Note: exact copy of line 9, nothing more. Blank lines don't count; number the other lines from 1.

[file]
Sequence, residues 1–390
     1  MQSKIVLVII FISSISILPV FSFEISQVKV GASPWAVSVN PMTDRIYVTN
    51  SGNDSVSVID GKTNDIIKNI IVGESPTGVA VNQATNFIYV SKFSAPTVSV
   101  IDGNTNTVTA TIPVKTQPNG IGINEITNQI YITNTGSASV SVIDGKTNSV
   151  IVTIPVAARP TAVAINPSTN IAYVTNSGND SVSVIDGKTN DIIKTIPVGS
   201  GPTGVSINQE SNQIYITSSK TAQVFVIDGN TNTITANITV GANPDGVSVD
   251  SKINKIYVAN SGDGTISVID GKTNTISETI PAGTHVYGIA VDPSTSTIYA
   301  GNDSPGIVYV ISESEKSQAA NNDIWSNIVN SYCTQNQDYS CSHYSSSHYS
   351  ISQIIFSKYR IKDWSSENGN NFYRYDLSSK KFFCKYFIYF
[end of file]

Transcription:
   351  ISQIIFSKYR IKDWSSENGN NFYRYDLSSK KFFCKYFIYF